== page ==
- Sudden sleepiness, confusion, or
- Anxiousness, nervousness, irritability, or
- Substance residue or burn around the
mouth, teeth, eyes, or on the skin.
Poison control centers, hospitals, or your doctor can
give immediate advice in the case of a poisoning. The United States
National Poison Control Hotline phone number is
1-800-222-1222. Have the poison container with you so
you can give complete information to the poison control center, such as what
the poison or substance is, how much was taken and when. Do not try to make the person vomit.
First aid home treatment measures for suspected poisoning
Call a poison control center, hospital, or doctor immediately. The United
States National Poison Control Hotline phone number is
1-800-222-1222. Have the poison container with you so
you can give complete information to the poison control center. Do not try to make the person vomit.
The poison control
center will be able to help you quickly if you have the following information
- Your name and phone number
name, age, weight, and health status of the person who has been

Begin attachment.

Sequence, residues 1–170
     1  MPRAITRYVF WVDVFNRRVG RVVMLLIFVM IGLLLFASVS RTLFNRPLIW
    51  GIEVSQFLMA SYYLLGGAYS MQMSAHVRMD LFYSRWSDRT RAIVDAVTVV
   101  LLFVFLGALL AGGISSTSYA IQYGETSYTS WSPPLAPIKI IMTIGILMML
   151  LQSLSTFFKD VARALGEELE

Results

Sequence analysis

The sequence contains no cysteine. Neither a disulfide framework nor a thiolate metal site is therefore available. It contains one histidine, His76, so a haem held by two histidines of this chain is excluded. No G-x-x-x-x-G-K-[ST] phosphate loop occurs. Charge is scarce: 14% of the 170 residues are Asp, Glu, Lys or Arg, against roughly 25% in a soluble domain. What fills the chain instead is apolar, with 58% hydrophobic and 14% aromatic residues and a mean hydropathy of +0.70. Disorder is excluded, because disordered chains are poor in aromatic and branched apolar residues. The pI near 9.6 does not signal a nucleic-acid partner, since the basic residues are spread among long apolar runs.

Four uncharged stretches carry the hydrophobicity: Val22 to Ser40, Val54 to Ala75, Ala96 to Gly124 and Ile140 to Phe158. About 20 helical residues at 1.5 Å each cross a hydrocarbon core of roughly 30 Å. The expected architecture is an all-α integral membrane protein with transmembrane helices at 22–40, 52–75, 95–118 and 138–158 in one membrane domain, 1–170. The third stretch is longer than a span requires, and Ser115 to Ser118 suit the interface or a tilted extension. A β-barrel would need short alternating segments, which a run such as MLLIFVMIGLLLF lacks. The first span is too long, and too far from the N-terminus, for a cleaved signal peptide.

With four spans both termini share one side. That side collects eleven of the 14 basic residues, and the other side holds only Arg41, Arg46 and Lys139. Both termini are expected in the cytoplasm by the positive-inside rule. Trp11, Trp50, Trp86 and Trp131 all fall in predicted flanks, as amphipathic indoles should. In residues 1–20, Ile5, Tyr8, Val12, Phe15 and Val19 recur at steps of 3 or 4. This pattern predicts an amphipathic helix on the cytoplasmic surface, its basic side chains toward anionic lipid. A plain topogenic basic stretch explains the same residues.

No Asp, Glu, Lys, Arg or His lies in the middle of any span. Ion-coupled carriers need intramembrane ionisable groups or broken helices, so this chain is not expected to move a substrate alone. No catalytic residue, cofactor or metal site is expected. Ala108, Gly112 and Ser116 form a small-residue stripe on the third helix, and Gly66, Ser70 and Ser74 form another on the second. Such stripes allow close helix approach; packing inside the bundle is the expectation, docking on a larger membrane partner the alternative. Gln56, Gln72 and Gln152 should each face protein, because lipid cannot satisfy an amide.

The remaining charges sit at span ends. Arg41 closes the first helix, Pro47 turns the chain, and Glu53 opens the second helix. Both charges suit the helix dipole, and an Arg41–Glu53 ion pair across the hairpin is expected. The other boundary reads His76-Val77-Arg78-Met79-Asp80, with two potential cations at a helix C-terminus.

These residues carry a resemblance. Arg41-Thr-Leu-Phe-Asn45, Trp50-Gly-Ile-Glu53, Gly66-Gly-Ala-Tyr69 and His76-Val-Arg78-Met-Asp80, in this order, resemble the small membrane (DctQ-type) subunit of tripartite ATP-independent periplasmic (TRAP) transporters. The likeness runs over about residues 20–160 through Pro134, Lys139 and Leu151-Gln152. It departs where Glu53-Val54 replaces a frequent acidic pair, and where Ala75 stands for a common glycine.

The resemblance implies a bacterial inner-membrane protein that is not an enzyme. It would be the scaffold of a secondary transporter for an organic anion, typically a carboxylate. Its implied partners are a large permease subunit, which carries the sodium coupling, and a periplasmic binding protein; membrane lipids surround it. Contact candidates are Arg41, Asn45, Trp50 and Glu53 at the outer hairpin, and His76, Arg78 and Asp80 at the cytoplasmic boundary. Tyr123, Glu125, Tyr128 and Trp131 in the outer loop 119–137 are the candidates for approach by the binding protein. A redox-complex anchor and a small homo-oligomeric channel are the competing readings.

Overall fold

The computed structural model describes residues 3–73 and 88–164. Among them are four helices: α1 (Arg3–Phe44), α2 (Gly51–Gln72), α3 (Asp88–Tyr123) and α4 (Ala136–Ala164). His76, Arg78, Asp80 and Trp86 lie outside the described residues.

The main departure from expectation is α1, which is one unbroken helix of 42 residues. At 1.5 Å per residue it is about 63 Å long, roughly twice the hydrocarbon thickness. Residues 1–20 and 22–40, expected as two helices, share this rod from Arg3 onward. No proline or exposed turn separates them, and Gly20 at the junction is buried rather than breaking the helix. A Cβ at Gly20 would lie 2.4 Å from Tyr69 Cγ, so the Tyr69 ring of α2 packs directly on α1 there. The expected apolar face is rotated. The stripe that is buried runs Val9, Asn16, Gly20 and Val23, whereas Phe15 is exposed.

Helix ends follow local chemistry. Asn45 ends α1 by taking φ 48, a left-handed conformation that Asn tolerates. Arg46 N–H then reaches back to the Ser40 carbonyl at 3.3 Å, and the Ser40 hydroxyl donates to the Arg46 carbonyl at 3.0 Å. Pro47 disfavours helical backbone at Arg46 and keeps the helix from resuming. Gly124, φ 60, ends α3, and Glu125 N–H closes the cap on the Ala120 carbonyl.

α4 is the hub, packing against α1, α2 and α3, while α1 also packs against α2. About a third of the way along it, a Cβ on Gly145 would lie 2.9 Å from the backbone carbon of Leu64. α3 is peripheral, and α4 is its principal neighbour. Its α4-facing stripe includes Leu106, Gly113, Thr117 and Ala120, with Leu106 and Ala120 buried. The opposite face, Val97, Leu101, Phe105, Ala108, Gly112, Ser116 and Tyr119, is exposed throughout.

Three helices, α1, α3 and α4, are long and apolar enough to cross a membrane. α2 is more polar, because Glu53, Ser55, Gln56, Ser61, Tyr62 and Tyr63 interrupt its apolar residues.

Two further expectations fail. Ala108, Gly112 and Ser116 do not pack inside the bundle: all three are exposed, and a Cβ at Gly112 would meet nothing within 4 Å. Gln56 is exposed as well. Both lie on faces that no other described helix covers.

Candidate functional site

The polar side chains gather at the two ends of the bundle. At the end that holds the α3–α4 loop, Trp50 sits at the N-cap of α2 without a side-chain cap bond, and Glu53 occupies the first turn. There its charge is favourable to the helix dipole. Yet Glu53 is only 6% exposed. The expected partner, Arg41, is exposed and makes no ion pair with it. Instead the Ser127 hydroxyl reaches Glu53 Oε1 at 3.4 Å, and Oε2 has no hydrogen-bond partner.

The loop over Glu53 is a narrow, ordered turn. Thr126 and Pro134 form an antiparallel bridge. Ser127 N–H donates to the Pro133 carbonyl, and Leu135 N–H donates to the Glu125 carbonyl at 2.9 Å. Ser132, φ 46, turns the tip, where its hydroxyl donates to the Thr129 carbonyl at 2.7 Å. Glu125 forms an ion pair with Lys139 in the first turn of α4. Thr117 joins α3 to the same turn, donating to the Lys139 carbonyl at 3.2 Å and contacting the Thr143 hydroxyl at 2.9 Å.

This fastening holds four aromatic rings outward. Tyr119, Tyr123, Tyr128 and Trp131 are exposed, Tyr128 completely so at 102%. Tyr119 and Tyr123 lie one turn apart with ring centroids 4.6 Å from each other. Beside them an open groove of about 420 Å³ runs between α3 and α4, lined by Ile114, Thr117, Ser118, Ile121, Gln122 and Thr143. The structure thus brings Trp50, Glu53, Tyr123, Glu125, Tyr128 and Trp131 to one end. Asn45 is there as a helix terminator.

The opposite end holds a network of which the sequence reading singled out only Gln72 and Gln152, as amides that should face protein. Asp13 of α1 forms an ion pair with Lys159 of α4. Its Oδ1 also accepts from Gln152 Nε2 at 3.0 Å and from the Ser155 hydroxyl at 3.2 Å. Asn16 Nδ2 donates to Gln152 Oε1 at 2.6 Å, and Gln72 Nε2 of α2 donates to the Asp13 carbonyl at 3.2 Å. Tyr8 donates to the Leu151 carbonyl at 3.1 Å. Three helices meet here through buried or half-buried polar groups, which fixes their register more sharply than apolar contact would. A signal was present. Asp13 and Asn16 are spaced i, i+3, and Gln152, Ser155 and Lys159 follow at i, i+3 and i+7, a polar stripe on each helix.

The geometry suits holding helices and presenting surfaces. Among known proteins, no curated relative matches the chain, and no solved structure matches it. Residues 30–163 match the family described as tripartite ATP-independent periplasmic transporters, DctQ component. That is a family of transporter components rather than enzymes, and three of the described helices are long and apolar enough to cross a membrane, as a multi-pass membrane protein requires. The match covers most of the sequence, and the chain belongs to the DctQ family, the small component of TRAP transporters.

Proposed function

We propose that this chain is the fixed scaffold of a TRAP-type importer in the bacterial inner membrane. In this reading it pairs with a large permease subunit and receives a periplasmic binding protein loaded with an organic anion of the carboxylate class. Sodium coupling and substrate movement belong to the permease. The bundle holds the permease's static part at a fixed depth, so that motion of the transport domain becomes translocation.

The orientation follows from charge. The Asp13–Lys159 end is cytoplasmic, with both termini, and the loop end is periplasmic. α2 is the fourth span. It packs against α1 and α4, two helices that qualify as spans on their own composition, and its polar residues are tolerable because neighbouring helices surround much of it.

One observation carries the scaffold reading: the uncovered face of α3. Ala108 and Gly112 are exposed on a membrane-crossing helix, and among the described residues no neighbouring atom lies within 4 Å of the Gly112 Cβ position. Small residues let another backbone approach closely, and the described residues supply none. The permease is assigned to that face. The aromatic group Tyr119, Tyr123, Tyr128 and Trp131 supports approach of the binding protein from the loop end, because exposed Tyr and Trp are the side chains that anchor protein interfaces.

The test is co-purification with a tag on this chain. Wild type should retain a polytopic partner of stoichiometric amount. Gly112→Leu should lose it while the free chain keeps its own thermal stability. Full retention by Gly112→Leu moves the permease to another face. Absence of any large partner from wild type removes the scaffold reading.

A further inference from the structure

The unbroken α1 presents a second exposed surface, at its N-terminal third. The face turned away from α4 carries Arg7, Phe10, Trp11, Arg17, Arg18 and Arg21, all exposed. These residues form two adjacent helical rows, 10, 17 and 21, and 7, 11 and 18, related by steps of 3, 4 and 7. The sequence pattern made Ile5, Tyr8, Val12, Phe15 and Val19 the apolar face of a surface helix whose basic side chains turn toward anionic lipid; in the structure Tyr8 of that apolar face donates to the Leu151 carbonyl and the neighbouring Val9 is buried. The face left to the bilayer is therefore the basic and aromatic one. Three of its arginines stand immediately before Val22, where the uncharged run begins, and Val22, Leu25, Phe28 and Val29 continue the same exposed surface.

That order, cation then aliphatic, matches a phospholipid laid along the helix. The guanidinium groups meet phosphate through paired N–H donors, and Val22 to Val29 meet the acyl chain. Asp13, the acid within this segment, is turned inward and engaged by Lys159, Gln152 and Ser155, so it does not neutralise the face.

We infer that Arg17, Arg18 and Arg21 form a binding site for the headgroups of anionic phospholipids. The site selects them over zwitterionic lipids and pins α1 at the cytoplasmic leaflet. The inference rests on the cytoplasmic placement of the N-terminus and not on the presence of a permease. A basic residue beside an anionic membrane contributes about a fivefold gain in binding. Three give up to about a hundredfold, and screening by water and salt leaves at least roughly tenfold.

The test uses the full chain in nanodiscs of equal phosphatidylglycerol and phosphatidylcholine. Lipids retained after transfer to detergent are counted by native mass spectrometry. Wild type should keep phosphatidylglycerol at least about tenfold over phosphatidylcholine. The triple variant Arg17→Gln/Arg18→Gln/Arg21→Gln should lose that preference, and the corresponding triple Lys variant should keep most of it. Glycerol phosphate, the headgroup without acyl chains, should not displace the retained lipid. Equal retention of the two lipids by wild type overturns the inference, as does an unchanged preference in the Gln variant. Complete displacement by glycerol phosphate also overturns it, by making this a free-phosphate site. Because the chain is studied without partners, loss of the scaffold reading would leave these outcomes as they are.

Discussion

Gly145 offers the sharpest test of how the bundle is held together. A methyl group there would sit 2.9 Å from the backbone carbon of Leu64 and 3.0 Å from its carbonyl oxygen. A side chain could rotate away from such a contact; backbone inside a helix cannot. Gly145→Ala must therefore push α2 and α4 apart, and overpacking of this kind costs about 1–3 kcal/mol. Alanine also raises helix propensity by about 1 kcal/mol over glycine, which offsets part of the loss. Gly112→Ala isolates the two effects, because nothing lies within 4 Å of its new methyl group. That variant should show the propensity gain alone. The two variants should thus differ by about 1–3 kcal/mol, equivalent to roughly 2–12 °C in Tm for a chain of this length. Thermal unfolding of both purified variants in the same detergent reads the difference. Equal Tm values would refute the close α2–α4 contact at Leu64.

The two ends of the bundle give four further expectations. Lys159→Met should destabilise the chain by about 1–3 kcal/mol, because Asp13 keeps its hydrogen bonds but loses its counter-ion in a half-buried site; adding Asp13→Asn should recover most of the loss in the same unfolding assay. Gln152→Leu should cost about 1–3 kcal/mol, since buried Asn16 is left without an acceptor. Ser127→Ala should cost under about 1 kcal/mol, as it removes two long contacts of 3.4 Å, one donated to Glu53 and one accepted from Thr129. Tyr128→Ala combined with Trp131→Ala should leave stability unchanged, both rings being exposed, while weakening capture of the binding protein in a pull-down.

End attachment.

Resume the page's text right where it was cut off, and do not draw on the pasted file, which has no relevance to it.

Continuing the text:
- Type of product. Read the brand name as it is written on
the label. Include the list of ingredients and the company name and contact
number, if it is available on the label.
- Amount of product involved
- Type of poison exposure—swallowed, inhaled, or in
contact with the eyes or skin
- Time of poisoning
the person vomited
- Any first aid measures taken
location and how far you are from an emergency medical facility
If the poison control center recommends medical evaluation,
take the product container or substance and any stomach contents that the
person vomited to help doctors determine the seriousness of the
Do not use syrup of ipecac. It is no
longer used to treat poisonings. If you have syrup of ipecac in your home,
call your pharmacist for instructions on how to dispose of it and throw away the container. Do not store anything
else in the container.
Activated charcoal is also not used at home to treat poisonings.
The poison control center has guidelines on what treatments are needed for all types of poisons.
Symptoms to watch for during home treatment
Follow the instructions you received from your
doctor or the poison control center about seeking medical evaluation. Call your
doctor if any of the following occurs during home treatment:
- New symptoms develop.
- Symptoms do
not go away as expected.
- Symptoms become more severe or
About 80% of poisonings occur in children
ages 1 to 4 years. Develop poison prevention habits
early, before your child is crawling. Babies grow so fast that sometimes they
are crawling and walking before you have time to protect them.
- Never leave a poisonous product unattended
around children, even for a moment. Many poisonings occur when an adult who is
using a poisonous product becomes distracted by the doorbell, a telephone, or